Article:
The Unofficial View of Tirana (85)
Kevin Baugh, President of the Republic of Molossia
by Vincent W.J. van Gerven Oei
That Albania occupies a curious part of the global (or at least, American) pop-cultural imagination has been observed in this magazine and elsewhere, but sometimes I am still surprised at how this country and its history have certain transformational characteristics that very few other nations seem to have. For example, I recently read an article on Iliria News Agency (never heard of them before) dated December 24, 2014, that the President of the Republic of Molossia, Kevin Baugh, has changed the national anthem of his micronation, after receiving persistent complaints of Albanians that he had used their national anthem (check, for example, the comments in the following video):
The former national anthem of the Republic of Molossia
To compare with:
The national anthem of the Republic of Albania
Equally curious was the serious tone in which the news report had been written: “In its traditions, customs as well as geographical size, it has nothing in common with Albania, but for more than a decade it has used the anthem of the Albanian nation…” Or perhaps the playfulness of President Baugh’s project had spilled over to the reporter. Whatever may have been the case, it appears that the original press release announcing the change of anthem dates from January 2014, so it appears that the Albanian news source that attracted my attention was a bit late to catch up. In any case, here it is the full press release:
The Republic of Molossia is pleased to announce the advent of our new National Anthem, “Fair Molossia Is Our Home”. For the past 15 years our anthem has been “Molossia, Nation In The Desert”, with music composed by Ciprian Porumbescu and lyrics written by His Excellency, President Kevin Baugh. While a stirring piece of music, it is better known as the national anthem of Albania, and over the years there have been significant complaints from Albanian citizens over our borrowing of their anthem. Thus in December 2013 XXXVI a search was launched for a new anthem, and eventually the music chosen was a magnificent piece composed by Simon-Pierre Boka Di Mpasi Londi. Formerly the anthem of Zaïre, it is no longer in use and fits our needs nicely. Subsequently, lyrics were written by His Excellency, The President, drawing inspiration from the land and culture of Molossia, as well as from the song “The Impossible Dream (The Quest)”, “Ozymandias” by Percy Bysshe Shelley and “Home Means Nevada”, Nevada’s State Song. The result is a stirring national hymn, and anthem of which we can all be proud. Fair Molossia is indeed our home, strong, free and sovereign. Let us all extol its praises in song!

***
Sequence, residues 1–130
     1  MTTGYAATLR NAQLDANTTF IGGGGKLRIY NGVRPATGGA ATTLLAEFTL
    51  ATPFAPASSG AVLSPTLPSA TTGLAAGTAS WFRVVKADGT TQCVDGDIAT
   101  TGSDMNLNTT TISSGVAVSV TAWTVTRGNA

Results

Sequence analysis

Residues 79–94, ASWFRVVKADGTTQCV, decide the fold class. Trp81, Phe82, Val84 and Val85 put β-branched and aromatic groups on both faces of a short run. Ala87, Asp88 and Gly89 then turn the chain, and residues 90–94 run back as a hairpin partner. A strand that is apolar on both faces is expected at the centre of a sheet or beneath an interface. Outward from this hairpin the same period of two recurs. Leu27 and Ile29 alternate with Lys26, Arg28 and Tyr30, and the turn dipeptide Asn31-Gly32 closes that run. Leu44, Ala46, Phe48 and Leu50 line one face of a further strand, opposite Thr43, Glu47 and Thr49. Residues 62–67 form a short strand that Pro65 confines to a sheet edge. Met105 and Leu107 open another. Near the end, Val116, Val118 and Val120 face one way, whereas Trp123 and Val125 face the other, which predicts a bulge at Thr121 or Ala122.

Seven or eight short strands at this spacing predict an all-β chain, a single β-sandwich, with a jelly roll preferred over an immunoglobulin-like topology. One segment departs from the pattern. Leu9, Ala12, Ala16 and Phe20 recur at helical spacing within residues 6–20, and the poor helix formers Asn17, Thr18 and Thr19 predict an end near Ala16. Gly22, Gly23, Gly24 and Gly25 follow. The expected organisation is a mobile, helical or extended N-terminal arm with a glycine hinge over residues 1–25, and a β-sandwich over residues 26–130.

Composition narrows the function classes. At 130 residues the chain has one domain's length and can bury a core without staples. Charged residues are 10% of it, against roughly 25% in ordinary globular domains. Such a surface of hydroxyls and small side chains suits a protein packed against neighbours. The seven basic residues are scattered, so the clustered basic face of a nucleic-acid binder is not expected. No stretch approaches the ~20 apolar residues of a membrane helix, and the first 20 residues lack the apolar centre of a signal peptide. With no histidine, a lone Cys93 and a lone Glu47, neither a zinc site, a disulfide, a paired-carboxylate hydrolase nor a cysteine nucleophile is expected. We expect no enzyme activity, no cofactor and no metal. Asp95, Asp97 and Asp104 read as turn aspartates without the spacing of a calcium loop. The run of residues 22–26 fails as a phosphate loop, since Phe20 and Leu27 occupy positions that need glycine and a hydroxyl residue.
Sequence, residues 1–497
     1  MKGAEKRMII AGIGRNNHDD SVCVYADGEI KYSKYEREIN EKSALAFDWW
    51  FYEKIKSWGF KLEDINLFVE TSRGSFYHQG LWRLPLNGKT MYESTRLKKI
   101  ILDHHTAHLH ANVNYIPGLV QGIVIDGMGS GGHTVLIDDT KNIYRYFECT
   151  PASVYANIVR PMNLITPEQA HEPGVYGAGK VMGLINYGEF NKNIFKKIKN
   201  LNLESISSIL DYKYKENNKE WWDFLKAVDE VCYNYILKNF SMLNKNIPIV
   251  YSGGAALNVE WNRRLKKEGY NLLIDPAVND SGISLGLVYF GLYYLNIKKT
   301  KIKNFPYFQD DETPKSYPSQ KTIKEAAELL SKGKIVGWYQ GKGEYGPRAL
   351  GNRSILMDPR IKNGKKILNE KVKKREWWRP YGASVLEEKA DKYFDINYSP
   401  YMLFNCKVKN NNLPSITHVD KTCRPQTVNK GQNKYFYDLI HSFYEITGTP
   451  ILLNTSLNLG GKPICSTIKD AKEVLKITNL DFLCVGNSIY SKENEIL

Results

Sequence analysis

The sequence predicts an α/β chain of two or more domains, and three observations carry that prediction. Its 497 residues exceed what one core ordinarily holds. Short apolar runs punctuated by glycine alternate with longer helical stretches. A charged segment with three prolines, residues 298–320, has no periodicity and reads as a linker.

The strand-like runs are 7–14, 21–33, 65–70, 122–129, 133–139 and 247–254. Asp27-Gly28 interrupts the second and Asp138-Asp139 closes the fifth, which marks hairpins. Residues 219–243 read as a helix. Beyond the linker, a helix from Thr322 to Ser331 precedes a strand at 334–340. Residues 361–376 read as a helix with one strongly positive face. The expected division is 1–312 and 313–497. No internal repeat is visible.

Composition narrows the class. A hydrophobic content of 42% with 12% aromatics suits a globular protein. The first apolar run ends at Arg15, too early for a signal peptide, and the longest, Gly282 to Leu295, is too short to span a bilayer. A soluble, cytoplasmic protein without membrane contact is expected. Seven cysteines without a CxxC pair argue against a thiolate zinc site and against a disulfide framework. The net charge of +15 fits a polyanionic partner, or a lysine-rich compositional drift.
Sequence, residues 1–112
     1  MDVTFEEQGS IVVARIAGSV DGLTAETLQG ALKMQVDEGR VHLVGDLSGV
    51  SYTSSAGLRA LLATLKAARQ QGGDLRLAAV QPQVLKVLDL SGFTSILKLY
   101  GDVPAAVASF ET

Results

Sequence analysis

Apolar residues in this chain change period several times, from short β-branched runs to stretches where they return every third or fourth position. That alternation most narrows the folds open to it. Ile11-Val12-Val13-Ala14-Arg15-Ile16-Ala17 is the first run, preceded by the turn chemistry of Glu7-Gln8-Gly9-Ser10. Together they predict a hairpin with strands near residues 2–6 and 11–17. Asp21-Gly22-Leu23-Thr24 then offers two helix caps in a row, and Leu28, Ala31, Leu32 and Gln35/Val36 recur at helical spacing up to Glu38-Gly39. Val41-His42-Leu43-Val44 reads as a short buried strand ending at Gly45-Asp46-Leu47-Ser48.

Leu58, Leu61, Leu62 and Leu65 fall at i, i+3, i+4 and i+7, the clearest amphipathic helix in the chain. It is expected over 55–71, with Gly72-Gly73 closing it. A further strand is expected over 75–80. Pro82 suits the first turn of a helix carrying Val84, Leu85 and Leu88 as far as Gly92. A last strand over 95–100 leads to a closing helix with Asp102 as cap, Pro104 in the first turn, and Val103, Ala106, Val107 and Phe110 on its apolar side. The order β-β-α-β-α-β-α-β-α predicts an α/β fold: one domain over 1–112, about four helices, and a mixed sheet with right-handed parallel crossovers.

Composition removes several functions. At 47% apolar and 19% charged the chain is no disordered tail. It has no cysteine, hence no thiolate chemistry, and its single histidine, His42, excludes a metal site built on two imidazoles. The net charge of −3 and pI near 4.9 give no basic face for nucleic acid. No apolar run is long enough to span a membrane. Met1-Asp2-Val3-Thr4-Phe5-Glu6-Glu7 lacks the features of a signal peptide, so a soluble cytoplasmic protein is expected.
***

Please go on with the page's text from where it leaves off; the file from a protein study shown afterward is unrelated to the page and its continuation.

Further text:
The INA article ends with a paragraph discussing the etymology of the name Molossia, which, according to the official explanation, derives from the Spanish word morro, meaning small hill. I suppose this paragraph was added in order to avoid any other misunderstanding between the Albanians and the Republic of Molossia, because as several YouTube commenters – as well as some of my friends with whom I shared this news fact – claim, the name Molossia derives from the Illyrian tribe of the Molossians native to the island of Epirus (or alternatively the Greek tribe of the Molossians, descendants of Neoptolemus, son of Achilles, etc.). So, perhaps unintentionally, both the name and (former) anthem of Molossia at least appear to have Albanian antecedents. And it gets weirder.
Peter Sellers as Duchess Gloriana XII of Grand Fenwick in The Mouse That Roared
In an interview with VICE, President Kevin Baugh makes an explicit reference to the movie The Mouse That Roared as an inspiration for the Republic of Molossia. In The Mouse That Roared, the fictional European Duchy of Grand Fenwick wages a war against the United States in the hope of reviving its economy. As President Baugh suggests: “We were really struck by the imagination of it. A tiny country attacking the US, expecting to lose – but winning. We though I’d be a cool idea.” Coincidentally, the flag of Grand Fenwick shows the same double-headed eagle as the flag of Albania, albeit with the explicatory “Yea” and “Nay” above each head – an addition that Rama perhaps may want to consider (see below). Is this where President Baugh got his first inspiration to look at Albania as a “really” existing template for Molossia?
The official flag of Grand Fenwick, a double-headed eagles with “Yea” and Nay”
In terms of its plot, The Mouse That Roared forms a strange counterpart to that other movie, Wag the Dog, in which a spin doctor hires a movie producer to construct a fake war against a European nation nobody would have ever heard of, in order to cover up a presidential sex scandal. This nation, of course, turns out to be Albania.
Kirsten Dunst with cat as unlikely Albanian girl in Wag the Dog
So we end up with the following slightly mind-boggling sequence: Grand Fenwick, a fictional country at war with the US, that shares its national symbol with Albania; Molossia, an actually existing micronation surrounded by the US and inspired by Grand Fenwick which previously used the Albanian national anthem and possibly an Illyrian tribe name as a basis of its own; and Albania itself, a country against which the US waged a fictional war in a movie that reverses the plot of the movie featuring Grand Fenwick. Perhaps Albania itself is already somehow an active part in this logic, being often displaced into the fictional realm and with an Albanian population outside its borders that is larger than the one inside. And maybe we can think of Edi Rama’s state-as-artwork project already in these terms: a project of turning Albania into Molossia or Grand Fenwick? Let me help:
Proposal for an update of the Albanian flag, based on the flag of Grand Fenwick
About the Author:
Vincent W.J. van Gerven Oei is a Dutch philosopher, writer and conceptual artist.